Rep. Fred Keller’s Sept. 12, 2021, op-ed is a study in contradictions regarding the role of government.

He starts by criticizing the Democratic Party because it wants to “expand the scope of government control of Americans’ lives.”

Then he lists four proposed government bills he supports that will “expand the scope of government control of Americans’ lives:” The POWERS Act, the GIVE MILK Act, the RECORDS Act, and The American Broadband Act. These bills certainly have merits, but they also, by definition, expand the scope of government involvement, or as Mr. Keller refers to it, “control of American’s lives.”

After touting his support for these bills to expand government, Mr. Keller then commends them for “making government ... work for you.”

But in the next paragraph, he criticizes the Biden administration for “seeing more government as the solution rather than the problem.” Isn’t that what the bills he supports are doing? If he supports expanding the scope of government via the above bills, isn’t he also “seeing more government as the solution rather than the problem?”

As for Mr. Keller’s meetings with his constituents, if he had truly listened without a predetermined agenda, he would have heard them say that they want, in fact expect, government involvement in their lives. Furthermore, they do not view it as “control.”

For instance, he would have heard that his constituents want their children to have: The education they need to compete on the world stage; affordable housing to raise their families; Clean air and water; a country with secure borders; a safe internet to conduct business; a business environment that promotes small business entrepreneurship; a society that takes care of its military veterans; access to affordable medical care and lower negotiated drug prices when they qualify for Medicare.

All of these “wants” are included in the Build Back Better (BBB) Bill Mr. Keller criticizes in his op-ed.

Is the price tag, $3.5 trillion, too high? Absolutely. But instead of criticizing the bill as too expensive, Mr. Keller criticizes it as too controlling, using phrases like “less individual freedom” (the latest go-to phrase whenever someone doesn’t have a legitimate concern) and “fewer opportunities for our kids.” Really? Expanding public education will limit children’s opportunities?

While it is not clear whether Mr. Keller actually read the BBB Bill, it’s a moot point since his goal is to simply follow his boss’s, our ex-president’s, order to criticize anything promoted by the Democratic Party.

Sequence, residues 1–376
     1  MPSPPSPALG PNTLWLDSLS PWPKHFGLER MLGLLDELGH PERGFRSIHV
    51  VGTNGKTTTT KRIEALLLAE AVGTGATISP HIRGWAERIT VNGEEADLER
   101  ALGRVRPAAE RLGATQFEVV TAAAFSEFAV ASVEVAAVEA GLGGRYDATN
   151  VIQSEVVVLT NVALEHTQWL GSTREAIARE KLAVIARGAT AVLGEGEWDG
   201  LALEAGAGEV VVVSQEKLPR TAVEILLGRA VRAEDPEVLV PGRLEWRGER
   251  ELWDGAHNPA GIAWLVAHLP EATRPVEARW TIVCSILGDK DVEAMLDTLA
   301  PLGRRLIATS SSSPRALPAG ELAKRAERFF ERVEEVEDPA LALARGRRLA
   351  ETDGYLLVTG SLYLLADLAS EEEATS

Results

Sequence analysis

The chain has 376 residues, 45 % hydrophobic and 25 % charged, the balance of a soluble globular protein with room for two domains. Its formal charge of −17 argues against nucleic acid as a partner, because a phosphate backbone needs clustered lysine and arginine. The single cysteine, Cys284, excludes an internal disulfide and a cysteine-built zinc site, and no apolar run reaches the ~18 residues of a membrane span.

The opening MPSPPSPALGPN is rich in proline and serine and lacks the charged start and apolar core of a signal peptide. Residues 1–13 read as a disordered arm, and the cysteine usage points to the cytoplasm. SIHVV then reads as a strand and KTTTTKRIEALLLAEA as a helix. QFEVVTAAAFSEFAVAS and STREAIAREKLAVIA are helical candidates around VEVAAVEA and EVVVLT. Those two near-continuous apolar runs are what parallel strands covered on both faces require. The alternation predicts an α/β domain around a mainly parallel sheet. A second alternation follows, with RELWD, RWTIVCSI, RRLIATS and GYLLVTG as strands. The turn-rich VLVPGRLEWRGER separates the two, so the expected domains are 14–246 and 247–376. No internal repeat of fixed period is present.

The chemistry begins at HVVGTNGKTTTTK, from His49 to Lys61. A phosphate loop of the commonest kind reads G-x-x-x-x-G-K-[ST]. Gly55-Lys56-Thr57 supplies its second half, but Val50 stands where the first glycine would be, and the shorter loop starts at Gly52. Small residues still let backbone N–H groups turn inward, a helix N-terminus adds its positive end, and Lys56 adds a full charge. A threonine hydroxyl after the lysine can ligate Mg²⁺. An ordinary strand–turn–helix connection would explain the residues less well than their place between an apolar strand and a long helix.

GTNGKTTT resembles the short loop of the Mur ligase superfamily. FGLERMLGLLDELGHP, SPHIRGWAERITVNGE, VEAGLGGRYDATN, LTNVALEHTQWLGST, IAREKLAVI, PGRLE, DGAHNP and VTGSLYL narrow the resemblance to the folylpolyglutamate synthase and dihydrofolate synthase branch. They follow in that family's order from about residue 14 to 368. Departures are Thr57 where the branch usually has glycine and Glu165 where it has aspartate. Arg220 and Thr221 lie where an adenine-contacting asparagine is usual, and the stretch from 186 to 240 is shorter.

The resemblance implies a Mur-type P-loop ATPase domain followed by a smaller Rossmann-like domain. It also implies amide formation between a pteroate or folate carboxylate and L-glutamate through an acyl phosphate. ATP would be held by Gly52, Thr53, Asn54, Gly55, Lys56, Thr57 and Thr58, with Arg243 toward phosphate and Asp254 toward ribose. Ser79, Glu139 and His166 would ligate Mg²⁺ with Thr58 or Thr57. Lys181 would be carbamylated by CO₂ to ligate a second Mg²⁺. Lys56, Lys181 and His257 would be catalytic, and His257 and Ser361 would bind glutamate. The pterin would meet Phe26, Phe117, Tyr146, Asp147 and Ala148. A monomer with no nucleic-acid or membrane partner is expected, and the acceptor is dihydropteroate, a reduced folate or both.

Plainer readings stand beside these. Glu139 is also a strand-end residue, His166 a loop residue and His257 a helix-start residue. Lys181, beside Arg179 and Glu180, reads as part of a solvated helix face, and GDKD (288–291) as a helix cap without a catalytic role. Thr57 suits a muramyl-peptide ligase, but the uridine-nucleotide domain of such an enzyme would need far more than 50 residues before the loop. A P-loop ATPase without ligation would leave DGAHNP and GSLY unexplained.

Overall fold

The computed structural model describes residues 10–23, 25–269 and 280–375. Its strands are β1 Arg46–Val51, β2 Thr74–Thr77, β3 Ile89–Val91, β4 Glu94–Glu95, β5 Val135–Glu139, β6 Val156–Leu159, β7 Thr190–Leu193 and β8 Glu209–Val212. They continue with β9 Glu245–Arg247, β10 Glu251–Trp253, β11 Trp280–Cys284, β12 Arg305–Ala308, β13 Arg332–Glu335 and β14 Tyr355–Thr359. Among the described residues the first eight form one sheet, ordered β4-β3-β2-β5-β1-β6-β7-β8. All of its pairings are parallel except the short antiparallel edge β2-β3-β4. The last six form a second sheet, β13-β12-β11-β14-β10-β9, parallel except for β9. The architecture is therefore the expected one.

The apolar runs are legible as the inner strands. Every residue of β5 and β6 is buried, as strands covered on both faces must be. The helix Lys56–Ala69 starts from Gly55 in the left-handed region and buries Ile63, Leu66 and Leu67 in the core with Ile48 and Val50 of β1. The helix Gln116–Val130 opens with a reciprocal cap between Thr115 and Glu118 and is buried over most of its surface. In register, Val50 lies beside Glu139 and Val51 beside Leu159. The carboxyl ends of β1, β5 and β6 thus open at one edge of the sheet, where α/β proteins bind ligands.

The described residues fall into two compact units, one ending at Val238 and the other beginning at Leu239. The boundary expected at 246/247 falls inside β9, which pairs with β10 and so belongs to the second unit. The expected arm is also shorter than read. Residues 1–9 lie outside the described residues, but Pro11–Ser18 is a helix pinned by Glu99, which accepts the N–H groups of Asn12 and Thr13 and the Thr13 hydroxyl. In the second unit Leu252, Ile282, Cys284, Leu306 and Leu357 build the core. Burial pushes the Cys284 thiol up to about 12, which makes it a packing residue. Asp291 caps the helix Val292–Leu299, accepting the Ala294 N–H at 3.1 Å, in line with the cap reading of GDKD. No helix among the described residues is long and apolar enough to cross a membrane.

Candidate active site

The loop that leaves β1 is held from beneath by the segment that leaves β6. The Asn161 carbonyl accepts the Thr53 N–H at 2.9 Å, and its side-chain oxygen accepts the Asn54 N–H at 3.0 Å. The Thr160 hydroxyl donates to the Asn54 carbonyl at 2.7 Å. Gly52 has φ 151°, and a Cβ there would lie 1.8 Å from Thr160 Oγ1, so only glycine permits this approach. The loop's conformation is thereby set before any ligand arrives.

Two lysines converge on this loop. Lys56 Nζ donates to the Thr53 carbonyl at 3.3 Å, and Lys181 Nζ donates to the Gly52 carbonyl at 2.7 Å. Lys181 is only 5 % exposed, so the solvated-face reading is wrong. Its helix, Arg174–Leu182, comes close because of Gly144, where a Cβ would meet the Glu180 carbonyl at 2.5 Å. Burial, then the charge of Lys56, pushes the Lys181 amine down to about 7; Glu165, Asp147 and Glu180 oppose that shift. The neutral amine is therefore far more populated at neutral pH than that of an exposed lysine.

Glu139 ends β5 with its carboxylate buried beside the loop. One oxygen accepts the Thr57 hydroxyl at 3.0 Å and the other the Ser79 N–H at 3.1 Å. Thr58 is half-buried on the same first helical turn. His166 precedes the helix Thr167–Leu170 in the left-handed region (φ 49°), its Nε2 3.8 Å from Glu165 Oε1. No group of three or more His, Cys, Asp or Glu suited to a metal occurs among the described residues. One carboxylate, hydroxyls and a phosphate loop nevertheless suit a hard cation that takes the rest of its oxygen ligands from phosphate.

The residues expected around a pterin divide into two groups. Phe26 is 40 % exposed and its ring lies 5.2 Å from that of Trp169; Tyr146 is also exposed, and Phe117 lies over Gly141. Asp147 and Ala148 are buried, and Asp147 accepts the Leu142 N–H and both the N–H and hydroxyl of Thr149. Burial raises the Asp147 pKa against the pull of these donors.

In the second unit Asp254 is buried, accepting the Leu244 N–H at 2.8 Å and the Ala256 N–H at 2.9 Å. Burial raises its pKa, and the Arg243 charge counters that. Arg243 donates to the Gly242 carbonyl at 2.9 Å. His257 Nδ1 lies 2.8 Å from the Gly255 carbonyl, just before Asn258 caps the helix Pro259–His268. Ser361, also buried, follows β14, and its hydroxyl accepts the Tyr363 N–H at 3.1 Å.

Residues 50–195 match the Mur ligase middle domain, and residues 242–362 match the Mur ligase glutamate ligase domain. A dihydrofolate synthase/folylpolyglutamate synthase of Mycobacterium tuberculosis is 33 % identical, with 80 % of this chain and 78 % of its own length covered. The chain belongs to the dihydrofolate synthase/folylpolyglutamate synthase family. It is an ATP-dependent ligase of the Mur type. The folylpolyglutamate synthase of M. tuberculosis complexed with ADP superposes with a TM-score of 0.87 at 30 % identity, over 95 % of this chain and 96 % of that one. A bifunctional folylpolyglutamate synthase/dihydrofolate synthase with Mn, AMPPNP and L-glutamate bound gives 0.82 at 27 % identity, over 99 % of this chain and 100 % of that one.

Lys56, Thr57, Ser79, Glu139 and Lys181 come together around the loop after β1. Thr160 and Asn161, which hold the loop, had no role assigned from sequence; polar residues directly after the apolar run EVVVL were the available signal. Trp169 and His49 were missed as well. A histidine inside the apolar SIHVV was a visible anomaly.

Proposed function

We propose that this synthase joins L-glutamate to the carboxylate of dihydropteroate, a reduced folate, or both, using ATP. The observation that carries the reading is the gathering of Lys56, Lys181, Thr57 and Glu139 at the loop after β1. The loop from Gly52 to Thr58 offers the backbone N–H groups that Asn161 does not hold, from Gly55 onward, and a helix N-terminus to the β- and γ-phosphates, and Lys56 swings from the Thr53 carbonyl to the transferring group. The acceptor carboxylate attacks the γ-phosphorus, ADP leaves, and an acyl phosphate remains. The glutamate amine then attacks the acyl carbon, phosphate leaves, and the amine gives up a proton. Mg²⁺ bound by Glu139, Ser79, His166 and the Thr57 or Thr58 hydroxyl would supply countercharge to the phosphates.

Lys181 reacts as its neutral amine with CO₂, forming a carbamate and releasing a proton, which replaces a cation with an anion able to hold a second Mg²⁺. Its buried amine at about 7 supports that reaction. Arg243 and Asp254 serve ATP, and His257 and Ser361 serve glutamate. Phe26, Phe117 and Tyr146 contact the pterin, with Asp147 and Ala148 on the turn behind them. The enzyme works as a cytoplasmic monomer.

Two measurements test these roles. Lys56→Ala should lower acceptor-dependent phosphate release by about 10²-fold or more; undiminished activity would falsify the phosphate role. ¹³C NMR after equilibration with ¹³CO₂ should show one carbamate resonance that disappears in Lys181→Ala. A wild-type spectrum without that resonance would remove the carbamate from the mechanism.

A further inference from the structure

Of course, it wouldn’t be a Keller letter if it didn’t include an unjustified attack on our president. In this case, blaming President Biden for inflation, when in fact inflation is due to a shortage of goods resulting from the COVID lockdown last year, a lockdown that occurred during the administration of Mr. Keller’s boss.

The intent of this tactic — blaming the Democratic Party for something it has no control over — is to show loyalty to our ex-president, or at least, not get on his bad side (that death threat thing).

Ironically, the one example where our government is indeed “expanding control over American’s lives” is the mask mandate. And while no one is happy with this, Mr. Keller has only his boss to blame for the need to require this mandate to protect our children.

If only our ex-president had promoted getting a vaccine as enthusiastically as he did taking credit for its rapid development — a false claim as pharmaceutical companies were already developing the vaccine in January, 2020 using the new mRNA technology before our ex-president even acknowledged COVID existed — then our secondary education schools (children aged 12-plus and staff) might have had a significantly higher vaccination rate, thereby reducing the need for the mask mandate.

In fact, not promoting the vaccine as a public health issue will go down in history as one of the moral failures of our ex-president. And yet, Mr. Keller continues to take his marching orders from him.

Such is the obsequious behavior of today’s politicians.

Peter Engstrom lives in Danville.

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